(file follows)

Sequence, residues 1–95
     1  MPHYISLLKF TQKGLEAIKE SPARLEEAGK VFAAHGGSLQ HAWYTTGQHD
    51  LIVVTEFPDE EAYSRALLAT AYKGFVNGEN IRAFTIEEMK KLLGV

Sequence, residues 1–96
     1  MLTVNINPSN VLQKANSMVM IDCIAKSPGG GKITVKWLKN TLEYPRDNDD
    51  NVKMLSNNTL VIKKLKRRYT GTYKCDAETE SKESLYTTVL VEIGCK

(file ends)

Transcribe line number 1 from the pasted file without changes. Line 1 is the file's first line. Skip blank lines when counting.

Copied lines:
Sequence, residues 1–95